Ambiguous Specification for Foundation Piles Precludes Summary Judgment for Government and Contractor; Appeal of Walsh Group Ventures, ASBCA No. 61222

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“If you have an important point to make, don’t be too subtle or clever. Use a pile driver.”—Winston Churchill

Cross-motions for summary judgment on a claim for costs incurred over a dispute about foundation piles are denied. The protester sought to recover costs incurred as a result of trying to convince the government to use telescoping piles as part of a construction project. The government maintained the contract clearly specified the use of uniform, not telescoping piles. The board found that the contract was ambiguous about the types of piles that could be used. This ambiguity created issues of fact that precluded summary judgment for either party.

Walsh Group Ventures had a contract with the Army Corps of Engineers to build an air traffic control tower on a military base. The drawings that accompanied the contract provided that foundation piles—i.e., columns in the ground that support the structure—had to be a uniform 24 inches in diameter.

Before beginning construction, Walsh tried to convince the Corps to use telescoping piles, that is, piles that were wider at the top than at the bottom. Walsh believed these telescoping piles would provide a better foundation and help with unpredictable sub-surface conditions. The Corps rejected the telescoping piles, maintaining that it wanted 24 inch uniform piles. Ultimately, Walsh and the Corps settled on a compromise of 30 inch uniform piles.

After Walsh installed the 30 inch piles and then submitted a claim to the Corps seeking costs incurred due to delay and the change in  pile design. The Corps denied the claim. Walsh appealed to the ASBCA. Both the Corps and Walsh moved for summary judgment.

The Corps’ position was simple: the contract drawings depicted foundation piles of a uniform 24 inch diameter. If Walsh had simply installed the 24 inch piles as specified, there would have been no delay and cost impact, so Walsh’s claim was rightly denied.

The board, however, found that the Corps’ position was not so clear cut. The board noted that the specifications, which by the terms of the contract overrule the drawings, provided that the piles only needed to be six inches at the bottom. The fact that the contract contemplated a different size at the bottom of the pile than it did at the top of the pile, indicated that the contract did not foreclose the use of telescoping or non-uniform piles.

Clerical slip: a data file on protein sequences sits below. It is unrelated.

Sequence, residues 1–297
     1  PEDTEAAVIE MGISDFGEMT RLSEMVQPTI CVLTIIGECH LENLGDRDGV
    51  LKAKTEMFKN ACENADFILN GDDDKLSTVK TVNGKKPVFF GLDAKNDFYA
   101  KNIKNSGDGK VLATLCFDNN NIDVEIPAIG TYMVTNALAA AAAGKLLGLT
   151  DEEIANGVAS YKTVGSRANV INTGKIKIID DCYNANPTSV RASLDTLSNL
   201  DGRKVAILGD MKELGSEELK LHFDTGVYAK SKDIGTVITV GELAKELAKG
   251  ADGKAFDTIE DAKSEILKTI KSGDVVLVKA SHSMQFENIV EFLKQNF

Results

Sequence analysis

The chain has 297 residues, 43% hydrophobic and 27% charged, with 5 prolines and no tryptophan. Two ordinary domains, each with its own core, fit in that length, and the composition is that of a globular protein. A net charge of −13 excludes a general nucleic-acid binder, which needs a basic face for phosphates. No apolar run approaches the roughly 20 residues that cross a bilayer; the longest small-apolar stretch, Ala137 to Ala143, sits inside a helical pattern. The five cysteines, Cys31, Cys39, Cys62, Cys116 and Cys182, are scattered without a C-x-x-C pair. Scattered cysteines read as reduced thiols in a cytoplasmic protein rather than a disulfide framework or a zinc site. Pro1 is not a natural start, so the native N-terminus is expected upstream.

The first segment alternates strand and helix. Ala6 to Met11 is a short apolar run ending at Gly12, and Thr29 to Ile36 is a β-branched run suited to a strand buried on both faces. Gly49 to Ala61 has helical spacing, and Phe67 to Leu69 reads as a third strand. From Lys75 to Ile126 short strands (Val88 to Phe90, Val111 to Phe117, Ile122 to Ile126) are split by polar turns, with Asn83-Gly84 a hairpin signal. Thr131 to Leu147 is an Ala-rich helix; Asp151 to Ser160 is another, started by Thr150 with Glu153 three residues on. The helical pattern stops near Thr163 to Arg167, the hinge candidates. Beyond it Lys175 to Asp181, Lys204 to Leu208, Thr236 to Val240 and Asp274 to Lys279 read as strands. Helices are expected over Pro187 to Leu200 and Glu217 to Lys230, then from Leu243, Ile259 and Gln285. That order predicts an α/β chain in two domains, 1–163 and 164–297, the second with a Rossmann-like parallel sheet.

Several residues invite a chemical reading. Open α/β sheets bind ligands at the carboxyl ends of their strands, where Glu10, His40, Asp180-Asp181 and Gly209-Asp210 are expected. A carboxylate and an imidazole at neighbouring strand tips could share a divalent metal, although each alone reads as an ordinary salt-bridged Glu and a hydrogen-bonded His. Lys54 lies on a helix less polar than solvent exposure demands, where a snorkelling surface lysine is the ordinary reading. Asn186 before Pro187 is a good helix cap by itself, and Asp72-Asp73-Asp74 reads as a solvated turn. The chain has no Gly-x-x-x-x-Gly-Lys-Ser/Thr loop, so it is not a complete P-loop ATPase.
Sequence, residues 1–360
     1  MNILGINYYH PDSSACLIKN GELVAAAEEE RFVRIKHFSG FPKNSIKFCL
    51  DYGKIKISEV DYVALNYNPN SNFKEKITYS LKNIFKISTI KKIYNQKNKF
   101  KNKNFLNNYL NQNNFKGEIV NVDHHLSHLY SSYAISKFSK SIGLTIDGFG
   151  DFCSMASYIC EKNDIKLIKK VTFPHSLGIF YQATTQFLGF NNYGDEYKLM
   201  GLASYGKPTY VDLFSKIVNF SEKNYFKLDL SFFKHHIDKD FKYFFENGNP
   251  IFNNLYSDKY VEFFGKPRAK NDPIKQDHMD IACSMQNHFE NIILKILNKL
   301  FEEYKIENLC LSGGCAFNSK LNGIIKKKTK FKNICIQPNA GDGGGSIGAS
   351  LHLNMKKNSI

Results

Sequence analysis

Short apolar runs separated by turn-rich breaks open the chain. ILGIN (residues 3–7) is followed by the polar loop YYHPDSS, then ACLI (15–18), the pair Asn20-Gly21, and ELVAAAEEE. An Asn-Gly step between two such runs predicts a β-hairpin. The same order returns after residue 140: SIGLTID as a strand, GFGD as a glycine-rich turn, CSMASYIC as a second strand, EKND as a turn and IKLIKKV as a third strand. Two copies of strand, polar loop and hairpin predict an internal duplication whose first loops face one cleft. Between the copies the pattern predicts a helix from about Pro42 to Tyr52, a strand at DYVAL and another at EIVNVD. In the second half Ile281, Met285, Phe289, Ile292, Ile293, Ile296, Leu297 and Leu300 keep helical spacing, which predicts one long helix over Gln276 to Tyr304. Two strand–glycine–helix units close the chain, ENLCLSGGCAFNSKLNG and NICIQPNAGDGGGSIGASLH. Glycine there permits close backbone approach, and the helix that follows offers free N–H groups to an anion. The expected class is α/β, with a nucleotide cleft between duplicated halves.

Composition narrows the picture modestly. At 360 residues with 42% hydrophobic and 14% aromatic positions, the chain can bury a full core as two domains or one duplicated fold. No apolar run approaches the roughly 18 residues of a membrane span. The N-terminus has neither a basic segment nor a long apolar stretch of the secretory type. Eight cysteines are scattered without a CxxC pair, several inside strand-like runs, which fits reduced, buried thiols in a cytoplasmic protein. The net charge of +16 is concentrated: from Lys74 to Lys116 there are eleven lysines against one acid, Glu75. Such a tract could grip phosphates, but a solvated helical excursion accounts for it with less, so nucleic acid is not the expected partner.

Additionally, as part of dealing with obstructions when installing piles, the contract stated that the contractor could use temporary cases to increase the hole diameter. This, the board reasoned, was another instance in which the contract expressly contemplated a diameter hole larger than 24 inches.

The board also found the testimony of Walsh’s expert particularly compelling on this point. The expert, who the Corps did not refute, testified that the drawings in the contract, which depicted uniform piles, are actually typical of projects where telescoping piles are permitted. Moreover, the expert testified that telescoping piles were the norm in 90 percent of pile construction. This indicated that telescoping piles were a common trade practice.

Given the conflicting contract language and the expert testimony, the board found that the contract’s pile specification were ambiguous. The drawings specified 24 inches, but the contract and trade practice indicated that telescoping piles were also reasonably contemplated. In light of this ambiguity, the board decline to enter summary judgment for the government.

The court next considered whether it should apply the principle of contra prrferentem. i.e, that ambiguities should be resolved against the drafter, which in this case was the government. Application of the principle would result in judgment for Walsh. The board, however, declined to apply contra preferentem. It reasoned that principle is a rule of last resort, only applied when other approaches to contract interpretation fail. Here, there was still extrinsic evidence to consider. What’s more, while Walsh’s interpretation of the contract—allowing for telescoping piles—was reasonable, it was not definitive and did not entitle Walsh to judgment as a matter of law. Thus, the board denied summary judgment for Walsh, too.

Walsh is represented by Traeger Machetanz and Kate H. Kennedy of David Wright Tremaine LLP as well as Larry W. Caudle, Jr of Kraftson Caudle LLC. The government is represented by Michael P. Goodman, Vivienne A Nguyen and Janis R. Millette of Army Corps of Engineers

ASBCA - Walsh Group Ventures